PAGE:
Impacts of the Deepwater Horizon Oil Spill Evaluated using an End-to-End Ecosystem Model

Cameron H. Ainsworth, University of South Florida
Claire B. Paris, University of Miami
Natalie Perlin, University of Miami
Lindsey N. Dornberger, University of South Florida
William F. Patterson III, University of Florida
Emily Chancellor, University of South Florida
Steven Murawski, University of South Florida
David J. Hollander, University of South Florida
Kendra L. Daly, University of South Florida
Isabel C. Romero, University of South Florida
Felicia Coleman, Florida State University
Holly Perryman, University of Miami

Abstract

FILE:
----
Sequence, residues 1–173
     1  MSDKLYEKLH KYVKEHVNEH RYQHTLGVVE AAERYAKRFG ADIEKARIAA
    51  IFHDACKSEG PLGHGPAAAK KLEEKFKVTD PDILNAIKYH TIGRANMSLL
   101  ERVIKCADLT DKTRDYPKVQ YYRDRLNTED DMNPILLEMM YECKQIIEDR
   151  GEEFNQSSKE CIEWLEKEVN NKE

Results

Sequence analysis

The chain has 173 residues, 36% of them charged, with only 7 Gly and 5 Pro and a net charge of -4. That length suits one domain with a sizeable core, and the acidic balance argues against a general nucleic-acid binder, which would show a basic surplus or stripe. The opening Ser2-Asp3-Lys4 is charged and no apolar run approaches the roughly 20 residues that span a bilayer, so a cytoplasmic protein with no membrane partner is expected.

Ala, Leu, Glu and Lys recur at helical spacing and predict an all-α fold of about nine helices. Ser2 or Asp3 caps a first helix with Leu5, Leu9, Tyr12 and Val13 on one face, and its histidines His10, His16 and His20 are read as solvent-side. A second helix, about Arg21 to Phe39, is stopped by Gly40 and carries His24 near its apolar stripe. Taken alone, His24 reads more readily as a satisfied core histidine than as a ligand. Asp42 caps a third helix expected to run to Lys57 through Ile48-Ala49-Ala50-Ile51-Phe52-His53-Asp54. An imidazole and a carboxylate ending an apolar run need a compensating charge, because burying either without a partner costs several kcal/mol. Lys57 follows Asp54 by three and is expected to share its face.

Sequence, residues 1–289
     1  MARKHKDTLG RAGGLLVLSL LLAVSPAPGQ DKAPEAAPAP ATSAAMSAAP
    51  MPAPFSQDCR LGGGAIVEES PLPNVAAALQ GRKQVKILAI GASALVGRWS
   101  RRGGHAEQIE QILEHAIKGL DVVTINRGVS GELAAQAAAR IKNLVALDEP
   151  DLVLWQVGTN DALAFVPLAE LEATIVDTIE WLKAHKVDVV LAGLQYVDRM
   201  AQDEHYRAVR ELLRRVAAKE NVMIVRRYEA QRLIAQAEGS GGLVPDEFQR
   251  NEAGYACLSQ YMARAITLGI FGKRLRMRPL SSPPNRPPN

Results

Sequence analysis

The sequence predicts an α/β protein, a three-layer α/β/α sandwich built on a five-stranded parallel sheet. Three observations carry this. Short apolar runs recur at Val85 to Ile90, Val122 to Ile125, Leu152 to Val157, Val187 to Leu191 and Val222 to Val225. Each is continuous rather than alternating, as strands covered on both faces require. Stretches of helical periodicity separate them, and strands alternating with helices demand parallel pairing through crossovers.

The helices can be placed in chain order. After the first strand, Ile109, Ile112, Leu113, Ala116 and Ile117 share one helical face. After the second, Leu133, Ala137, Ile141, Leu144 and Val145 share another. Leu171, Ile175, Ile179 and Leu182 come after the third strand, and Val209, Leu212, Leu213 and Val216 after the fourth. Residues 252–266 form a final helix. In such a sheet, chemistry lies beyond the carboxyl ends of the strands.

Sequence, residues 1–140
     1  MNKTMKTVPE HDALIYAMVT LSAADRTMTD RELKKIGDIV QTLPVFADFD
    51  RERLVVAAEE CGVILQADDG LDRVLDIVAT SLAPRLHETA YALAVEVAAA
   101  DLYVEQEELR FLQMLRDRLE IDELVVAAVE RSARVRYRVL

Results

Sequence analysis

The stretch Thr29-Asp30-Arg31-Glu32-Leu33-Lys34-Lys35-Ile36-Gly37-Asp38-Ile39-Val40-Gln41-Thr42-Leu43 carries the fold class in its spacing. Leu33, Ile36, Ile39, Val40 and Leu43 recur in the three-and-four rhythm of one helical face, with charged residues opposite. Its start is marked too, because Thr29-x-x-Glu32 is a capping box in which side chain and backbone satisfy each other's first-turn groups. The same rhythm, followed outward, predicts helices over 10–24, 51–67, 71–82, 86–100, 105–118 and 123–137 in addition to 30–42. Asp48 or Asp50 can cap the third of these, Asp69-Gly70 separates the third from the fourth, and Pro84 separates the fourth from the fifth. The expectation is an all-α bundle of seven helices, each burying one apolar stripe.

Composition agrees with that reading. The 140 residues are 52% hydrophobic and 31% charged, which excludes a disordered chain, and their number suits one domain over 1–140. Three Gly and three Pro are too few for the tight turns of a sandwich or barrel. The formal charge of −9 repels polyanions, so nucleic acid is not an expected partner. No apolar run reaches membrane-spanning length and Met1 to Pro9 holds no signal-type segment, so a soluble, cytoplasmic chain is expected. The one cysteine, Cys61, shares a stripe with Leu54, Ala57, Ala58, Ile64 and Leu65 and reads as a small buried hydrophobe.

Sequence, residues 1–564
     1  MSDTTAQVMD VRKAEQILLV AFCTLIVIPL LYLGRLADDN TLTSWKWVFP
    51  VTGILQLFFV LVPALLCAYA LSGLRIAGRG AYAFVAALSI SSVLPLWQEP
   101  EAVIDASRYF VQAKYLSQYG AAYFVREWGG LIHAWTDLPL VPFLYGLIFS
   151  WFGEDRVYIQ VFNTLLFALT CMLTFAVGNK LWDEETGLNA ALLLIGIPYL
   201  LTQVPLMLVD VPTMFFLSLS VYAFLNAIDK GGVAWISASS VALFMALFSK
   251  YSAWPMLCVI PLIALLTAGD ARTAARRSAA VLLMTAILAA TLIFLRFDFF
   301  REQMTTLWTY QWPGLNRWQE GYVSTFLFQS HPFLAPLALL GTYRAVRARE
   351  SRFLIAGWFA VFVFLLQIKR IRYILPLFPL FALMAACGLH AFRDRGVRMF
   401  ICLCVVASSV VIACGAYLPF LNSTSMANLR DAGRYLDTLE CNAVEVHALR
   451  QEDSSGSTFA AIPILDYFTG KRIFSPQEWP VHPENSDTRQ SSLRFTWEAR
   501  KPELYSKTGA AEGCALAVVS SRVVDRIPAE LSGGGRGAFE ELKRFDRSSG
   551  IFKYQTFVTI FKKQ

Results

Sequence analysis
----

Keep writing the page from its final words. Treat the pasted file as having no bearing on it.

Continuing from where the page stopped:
We use a spatially explicit biogeochemical end-to-end ecosystem model, Atlantis, to simulate impacts from the Deepwater Horizon oil spill and subsequent recovery of fish guilds. Dose-response relationships with expected oil concentrations were utilized to estimate the impact on fish growth and mortality rates. We also examine the effects of fisheries closures and impacts on recruitment. We validate predictions of the model by comparing population trends and age structure before and after the oil spill with fisheries independent data. The model suggests that recruitment effects and fishery closures had little influence on biomass dynamics. However, at the assumed level of oil concentrations and toxicity, impacts on fish mortality and growth rates were large and commensurate with observations. Sensitivity analysis suggests the biomass of large reef fish decreased by 25% to 50% in areas most affected by the spill, and biomass of large demersal fish decreased even more, by 40% to 70%. Impacts on reef and demersal forage caused starvation mortality in predators and increased reliance on pelagic forage. Impacts on the food web translated effects of the spill far away from the oiled area. Effects on age structure suggest possible delayed impacts on fishery yields. Recovery of high-turnover populations generally is predicted to occur within 10 years, but some slower-growing populations may take 30+ years to fully recover.